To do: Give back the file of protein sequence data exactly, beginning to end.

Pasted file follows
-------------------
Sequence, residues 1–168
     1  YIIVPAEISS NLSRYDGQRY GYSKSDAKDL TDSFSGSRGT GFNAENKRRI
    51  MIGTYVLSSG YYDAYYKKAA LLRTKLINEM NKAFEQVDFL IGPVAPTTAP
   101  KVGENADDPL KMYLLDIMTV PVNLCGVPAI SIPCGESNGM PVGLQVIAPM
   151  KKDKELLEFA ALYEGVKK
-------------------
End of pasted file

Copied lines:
Sequence, residues 1–168
     1  YIIVPAEISS NLSRYDGQRY GYSKSDAKDL TDSFSGSRGT GFNAENKRRI
    51  MIGTYVLSSG YYDAYYKKAA LLRTKLINEM NKAFEQVDFL IGPVAPTTAP
   101  KVGENADDPL KMYLLDIMTV PVNLCGVPAI SIPCGESNGM PVGLQVIAPM
   151  KKDKELLEFA ALYEGVKK